Navbar button Craft Business Search Button

To download your FREE COPY

Click here
Editorial blog

Eco-dyer India Flint talks about sustainability, her life and work

08 Jun 2019

Eco-dyer India Flint whose exhibition, incomplete journeys, will be at The Festival of Quilts this summer, talks art and sustainability


India, you’re a lady of many talents – an acclaimed textile artist, traveller, writer and teacher. What can we expect from your exhibition, incomplete journeys?

The question made me laugh so much. Apparently I once informed an elderly shop assistant: “that’s no lady, that’s my mother!” incomplete journeys is a collection of hand-stitched, plant dyed “cloth objects” that to me read as poems about place, odes to the earth.

Your farm in South Australia and the nature all around you are the source of much of the inspiration and raw materials for your work. How important is a sense of place to you personally and for the work you make?

It’s critical. In my work, the unique physical aspects of a place (water quality, local fl ora) are as important as my emotional experience of it. The farm I am fortunate to live on is a 500 acre open studio in which I roam, gather material and formulate concepts. But sometimes, as in my exhibition anthology (New Orleans, March- April 2019), pieces are prepared at home and then infused with local colour nearer to the place of exhibition. It all depends on what story I want to tell.

Is there a natural material that you have not yet worked with and are keen to explore?

Almost every plant in the world will yield some kind of colour…I haven’t even walked around the tip of the iceberg yet!

Much of your work is wearable (aprons, coats) – how important is it to you that your art is functional?

I made wearables for a while (Halle Berry bought two of my dresses, bless her) but I only make clothes for myself now. I don’t really distinguish between clothing, bedding or wall adornments. They all perform important functions. Some warm the body, others the heart.

You famously validated your eco-print process (bundling leaves and other natural materials in damp silk cloths to produce unique, wash-fast prints) through a post-graduate research degree rather than patent it for commercial use. What was the thinking behind that decision?

I knew that many large international companies have employees whose job it is to trawl through new patents and harvest ideas. Such companies would be too large to fi ght, for one thing; but more importantly I have observed that when anything is done on a large scale, the impact on the environment (even from something as supposedly “friendly” as this technique) can be disastrous. Imagine a company churning out thousands of pairs of ecoprint pyjamas, delivering tonnes of waste leaf matter and discharging volumes of compromised water (all leaves are acidic, so will lower the pH of the water they are processed in). On a small scale the leaf matter and water can be neutralised with a little ash before being distributed in a garden, but I cannot imagine a large fashion manufacturer caring much about this. Bad enough that the ecoprint has been hijacked by the “plastics and toxins” brigade.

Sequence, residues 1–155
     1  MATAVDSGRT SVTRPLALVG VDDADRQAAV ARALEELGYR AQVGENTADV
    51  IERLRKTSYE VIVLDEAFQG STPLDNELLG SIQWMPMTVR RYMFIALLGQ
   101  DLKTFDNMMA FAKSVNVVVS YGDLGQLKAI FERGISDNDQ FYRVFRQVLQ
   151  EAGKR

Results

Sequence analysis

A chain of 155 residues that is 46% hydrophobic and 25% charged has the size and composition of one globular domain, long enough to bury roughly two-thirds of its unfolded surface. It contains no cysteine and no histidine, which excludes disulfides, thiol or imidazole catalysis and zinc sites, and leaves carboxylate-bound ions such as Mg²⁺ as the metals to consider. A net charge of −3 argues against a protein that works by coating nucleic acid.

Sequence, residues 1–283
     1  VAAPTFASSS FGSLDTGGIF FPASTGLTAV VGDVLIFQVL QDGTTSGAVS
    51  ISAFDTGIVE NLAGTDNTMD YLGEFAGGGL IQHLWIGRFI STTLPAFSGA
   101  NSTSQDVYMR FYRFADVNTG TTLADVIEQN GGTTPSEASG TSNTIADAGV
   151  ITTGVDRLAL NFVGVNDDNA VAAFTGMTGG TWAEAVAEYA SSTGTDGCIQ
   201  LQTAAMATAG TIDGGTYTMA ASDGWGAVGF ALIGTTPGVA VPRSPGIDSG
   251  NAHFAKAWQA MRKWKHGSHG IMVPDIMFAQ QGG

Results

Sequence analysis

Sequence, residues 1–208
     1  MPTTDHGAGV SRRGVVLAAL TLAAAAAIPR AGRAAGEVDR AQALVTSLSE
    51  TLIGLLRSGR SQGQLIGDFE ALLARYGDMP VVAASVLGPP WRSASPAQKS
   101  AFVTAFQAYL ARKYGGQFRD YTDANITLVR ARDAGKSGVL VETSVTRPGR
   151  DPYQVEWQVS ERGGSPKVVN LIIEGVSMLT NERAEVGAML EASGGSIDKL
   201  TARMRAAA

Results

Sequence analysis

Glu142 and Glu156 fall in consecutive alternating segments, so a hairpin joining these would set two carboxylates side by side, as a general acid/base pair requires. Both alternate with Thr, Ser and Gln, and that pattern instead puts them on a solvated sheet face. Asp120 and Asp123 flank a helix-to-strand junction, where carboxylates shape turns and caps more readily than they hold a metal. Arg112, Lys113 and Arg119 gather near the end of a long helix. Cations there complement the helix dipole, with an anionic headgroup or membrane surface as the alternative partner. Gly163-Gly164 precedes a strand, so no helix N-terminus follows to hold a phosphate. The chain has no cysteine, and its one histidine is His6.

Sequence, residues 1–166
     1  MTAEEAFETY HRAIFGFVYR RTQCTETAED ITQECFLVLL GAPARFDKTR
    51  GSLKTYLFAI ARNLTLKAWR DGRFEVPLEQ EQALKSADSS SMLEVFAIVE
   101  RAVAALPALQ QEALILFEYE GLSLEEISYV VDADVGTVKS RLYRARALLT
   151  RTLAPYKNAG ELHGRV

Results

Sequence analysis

Through your School of Nomad Arts (and via the power of the internet), students all over the world are learning how to use your eco-print method to create their own work. How important is this community to you?

It’s proving to be a marvellously friendly and sharing community. People are seeking out stitch sisters in their region and meeting for tea and cake and sewing. And by using this wider means of teaching, it brings sustainable practice to so many more people, some of whom don’t have the means or the time to travel, or even to attend classes local to them. I have a warm feeling about this work.

Which textile artists do you think are making exciting work right now?

I am excited about each person who is moved to take up a needle and stitch, to mend a garment, to spin, knit or crochet, or to twine string. There is something about making things by hand that is good for the soul, and I have a strong belief that the deep satisfaction in making something for oneself can be a positive contributor to our physical and mental health. As far as contemporary artists go, I don’t think I have enough information to point at anyone in particular. I tend not to follow much of what’s going on.

What projects are you working on currently and what’s next for you after The Festival of Quilts?

At present I am travelling in Morocco and stitching on a quilt-like piece made entirely from salvaged clothing recently acquired at a thrift store in New Orleans. It’s about 5’ x 6’ and very comfy to sit under while on a plane. I’ll probably dye it back home. I’m also working on my nine-month long “armchair wandering” for the School of Nomad Arts. After The Festival of Quilts, I have workshops in France, Scotland and Canada, fl owed by a residency at the Burren College of Art in Ireland. In 2020, I have a journey to India followed by three solo shows, all in Australia. And somewhere in between all that, there’s a novel that wants writing.

India Flint’s exhibition, incomplete journeys, is at The Festival of Quilts, NEC Birmingham, from August 1-4, 2019

From the Craft Business Directory

Bringing Innovation To The Craft Jewellery Market…

ImpressArt founder, Adam Wolter, provides insight on his unique business model and products, how ImpressArt became the world leader in metal stamping, and what to expect next...

» Read More

Your Questions answered by West Yorkshire Spinners

Richard Longbottom, Sales and Marketing Manager of West Yorkshire Spinners, answers your retail queries...

» Read More
01-04
August

The Festival of Quilts

Birmingham NEC
01-04
September

Autumn Fair

NEC Birmingham
13-15
September

The Handmade Festival

Hampton Court
facebook twitter calender